Former Italian Goverment Official Likely to Take Over Ministry of Culture, Sources Say
ROME -- Dario Franceschini, a veteran political functionary, who was a minister in the recently deposed Italian government headed by Enrico Letta, is the odds-on favorite to be named Italy's new ministry of culture, according to sources close to the selection process.
Letta was forced out last Friday in favor of 39-year-old Florence mayor Matteo Renzi, who is in the process of selecting a new cabinet of ministers and pulling together enough support in parliament to secure a majority. He is expected to take power on Monday.
The ministry of culture is not considered one of the most powerful ministries in Italy, but it has great influence over the cinema industry in the country. It has a prominent role in determining tax credits and other incentives for film projects, budgeting blocs of funding for the country's main film festivals, promoting Italian films abroad and touting Italy as a destination for film shoots. The minister has also played the role of a mediator in clashes between film festivals in the past.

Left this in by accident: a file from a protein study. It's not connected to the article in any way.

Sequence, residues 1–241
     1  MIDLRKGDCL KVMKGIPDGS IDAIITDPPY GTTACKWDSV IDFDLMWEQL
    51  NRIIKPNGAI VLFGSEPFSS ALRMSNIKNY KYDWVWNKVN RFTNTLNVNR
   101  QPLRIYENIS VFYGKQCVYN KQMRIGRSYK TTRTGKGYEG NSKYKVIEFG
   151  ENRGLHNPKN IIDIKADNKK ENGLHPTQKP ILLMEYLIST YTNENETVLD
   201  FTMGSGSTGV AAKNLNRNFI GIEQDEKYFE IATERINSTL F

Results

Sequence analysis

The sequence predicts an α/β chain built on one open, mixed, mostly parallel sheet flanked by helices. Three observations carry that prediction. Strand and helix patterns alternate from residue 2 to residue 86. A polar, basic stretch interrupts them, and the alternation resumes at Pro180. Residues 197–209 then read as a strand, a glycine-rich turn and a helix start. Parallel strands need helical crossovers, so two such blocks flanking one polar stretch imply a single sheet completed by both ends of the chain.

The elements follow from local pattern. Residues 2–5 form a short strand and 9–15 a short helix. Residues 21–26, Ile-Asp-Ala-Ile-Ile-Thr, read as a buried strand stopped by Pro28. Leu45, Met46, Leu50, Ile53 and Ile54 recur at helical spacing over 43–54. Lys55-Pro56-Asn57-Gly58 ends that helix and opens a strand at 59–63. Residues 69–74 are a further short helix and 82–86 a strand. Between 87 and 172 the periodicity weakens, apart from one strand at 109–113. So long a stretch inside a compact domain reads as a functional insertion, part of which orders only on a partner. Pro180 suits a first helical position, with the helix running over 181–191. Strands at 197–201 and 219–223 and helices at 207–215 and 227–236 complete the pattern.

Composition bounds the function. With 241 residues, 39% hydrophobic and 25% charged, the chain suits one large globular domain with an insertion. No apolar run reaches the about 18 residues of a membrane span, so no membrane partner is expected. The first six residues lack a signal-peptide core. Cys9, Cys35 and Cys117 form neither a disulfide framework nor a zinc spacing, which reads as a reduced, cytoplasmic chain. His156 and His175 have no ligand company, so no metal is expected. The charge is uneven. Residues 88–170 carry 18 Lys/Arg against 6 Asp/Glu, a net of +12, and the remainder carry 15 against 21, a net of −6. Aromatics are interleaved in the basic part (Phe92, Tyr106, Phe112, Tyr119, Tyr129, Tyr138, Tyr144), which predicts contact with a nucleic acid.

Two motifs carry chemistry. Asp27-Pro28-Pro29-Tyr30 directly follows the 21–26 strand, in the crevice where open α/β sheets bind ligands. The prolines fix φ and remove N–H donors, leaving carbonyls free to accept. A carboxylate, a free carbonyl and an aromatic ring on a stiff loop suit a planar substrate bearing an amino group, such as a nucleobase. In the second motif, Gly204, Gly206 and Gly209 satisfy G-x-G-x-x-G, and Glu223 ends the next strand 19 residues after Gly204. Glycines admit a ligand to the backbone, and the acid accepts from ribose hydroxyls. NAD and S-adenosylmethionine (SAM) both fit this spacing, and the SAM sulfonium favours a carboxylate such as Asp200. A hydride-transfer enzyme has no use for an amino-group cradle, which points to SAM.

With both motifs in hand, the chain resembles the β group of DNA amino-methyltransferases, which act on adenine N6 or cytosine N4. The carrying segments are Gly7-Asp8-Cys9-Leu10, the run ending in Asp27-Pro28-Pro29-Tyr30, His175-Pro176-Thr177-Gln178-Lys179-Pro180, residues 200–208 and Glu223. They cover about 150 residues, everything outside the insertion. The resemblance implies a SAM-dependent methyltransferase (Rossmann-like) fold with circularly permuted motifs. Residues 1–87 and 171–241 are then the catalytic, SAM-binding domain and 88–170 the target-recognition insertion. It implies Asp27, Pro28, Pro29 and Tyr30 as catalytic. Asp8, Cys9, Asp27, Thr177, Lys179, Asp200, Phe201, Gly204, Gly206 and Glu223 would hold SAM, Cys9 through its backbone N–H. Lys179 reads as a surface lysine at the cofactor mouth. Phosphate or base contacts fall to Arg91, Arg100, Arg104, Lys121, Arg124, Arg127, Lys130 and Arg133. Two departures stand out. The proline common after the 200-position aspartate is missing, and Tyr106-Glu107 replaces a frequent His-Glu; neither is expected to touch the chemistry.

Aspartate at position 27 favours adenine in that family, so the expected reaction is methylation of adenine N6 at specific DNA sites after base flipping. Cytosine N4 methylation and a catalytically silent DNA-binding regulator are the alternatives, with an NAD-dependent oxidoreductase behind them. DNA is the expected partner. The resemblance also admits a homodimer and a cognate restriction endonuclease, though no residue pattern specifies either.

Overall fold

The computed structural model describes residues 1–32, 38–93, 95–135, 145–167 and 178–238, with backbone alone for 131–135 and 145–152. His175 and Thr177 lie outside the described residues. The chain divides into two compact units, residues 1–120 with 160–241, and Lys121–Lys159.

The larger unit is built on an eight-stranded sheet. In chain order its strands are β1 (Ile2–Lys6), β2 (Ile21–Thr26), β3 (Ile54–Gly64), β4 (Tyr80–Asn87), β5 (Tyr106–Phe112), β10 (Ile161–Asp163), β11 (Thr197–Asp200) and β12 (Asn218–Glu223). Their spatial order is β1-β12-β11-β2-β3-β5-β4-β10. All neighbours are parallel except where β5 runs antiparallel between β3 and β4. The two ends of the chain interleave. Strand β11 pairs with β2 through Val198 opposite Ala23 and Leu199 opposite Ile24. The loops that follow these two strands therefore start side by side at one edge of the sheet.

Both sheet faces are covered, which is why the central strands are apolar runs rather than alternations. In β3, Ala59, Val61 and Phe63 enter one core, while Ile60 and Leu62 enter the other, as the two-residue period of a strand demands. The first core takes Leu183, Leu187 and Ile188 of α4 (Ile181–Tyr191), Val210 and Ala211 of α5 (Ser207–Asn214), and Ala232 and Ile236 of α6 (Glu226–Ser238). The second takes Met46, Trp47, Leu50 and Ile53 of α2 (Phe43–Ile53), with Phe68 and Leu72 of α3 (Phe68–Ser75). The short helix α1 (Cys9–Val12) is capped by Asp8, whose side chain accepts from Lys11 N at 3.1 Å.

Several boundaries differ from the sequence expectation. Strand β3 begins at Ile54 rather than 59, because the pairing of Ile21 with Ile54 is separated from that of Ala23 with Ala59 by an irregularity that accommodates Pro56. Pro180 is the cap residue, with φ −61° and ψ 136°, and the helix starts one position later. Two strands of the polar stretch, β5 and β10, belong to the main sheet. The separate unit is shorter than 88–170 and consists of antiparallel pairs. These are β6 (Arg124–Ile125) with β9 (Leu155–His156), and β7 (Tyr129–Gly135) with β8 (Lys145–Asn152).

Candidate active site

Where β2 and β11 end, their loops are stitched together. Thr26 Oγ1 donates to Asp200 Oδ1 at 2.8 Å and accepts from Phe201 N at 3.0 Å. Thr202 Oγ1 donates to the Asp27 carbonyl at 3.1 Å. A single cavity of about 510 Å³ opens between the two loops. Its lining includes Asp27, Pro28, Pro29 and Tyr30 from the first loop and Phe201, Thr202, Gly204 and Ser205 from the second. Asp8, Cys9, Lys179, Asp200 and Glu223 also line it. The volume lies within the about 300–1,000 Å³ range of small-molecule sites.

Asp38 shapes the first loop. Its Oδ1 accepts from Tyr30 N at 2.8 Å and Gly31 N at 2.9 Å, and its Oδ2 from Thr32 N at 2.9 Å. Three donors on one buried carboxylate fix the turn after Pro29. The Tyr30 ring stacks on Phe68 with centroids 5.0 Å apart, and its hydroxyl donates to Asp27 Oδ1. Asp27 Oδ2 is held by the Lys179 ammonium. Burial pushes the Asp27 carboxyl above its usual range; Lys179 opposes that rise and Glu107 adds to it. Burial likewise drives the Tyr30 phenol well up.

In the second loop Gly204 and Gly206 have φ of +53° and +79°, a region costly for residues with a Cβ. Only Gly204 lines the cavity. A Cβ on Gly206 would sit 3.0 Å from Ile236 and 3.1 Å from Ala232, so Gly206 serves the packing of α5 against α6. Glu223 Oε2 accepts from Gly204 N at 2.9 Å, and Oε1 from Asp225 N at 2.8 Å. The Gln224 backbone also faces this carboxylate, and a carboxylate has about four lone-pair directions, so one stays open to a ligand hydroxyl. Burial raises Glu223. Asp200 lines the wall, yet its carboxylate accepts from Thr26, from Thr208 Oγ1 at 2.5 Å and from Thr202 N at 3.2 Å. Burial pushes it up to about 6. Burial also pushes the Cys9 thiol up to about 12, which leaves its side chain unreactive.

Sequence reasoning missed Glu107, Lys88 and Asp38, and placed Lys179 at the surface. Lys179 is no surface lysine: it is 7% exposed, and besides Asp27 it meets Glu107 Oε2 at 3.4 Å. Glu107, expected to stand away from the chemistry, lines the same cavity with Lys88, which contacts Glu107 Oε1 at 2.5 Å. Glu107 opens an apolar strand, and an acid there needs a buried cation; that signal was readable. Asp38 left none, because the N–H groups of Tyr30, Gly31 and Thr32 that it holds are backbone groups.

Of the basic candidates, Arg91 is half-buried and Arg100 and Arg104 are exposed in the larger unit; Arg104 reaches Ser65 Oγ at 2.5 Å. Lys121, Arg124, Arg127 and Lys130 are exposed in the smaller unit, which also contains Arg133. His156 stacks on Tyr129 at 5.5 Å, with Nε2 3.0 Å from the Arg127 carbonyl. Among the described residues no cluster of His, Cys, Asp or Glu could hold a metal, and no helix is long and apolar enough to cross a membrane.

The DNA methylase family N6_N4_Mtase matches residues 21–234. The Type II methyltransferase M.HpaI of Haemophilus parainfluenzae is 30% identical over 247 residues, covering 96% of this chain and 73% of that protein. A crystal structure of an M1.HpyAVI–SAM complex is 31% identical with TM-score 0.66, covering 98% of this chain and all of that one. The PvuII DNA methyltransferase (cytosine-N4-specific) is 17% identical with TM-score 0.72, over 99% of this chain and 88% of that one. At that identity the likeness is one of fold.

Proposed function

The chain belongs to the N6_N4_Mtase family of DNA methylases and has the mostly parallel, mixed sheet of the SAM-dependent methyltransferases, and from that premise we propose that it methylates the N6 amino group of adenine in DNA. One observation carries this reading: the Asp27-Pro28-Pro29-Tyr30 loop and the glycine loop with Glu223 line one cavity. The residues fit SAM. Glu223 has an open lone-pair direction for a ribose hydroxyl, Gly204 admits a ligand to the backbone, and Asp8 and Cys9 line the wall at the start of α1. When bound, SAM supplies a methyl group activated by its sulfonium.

The outgoing minister of culture is educator, writer and blogger Massimo Bray.
The choice of Franceschini, who had been the minister for parliamentary relations under Letta, for the job is an unusual one. Though he has written three critically praised novels, he is much better known for his political accomplishments than for any ties to the world of cinema, entertainment or culture.
At the same time, appointing such an influential figure to the post -- Franceschini, in addition to his minister post under Letta, was general secretary of the Democratic Party in 2009, the same post Renzi used to springboard himself into the prime minister's job -- could help raise the profile of the ministry, according to sources.
Cinema industry figures declined to speculate on the record about the impact a Franceschini appointment might have, with one veteran producer saying it was best to have a wait-and-see attitude.
"He may end up getting the job, but in Italy things can change quickly," the producer said. "No point going on record to say how he's the perfect choice and then to discover someone else gets appointed."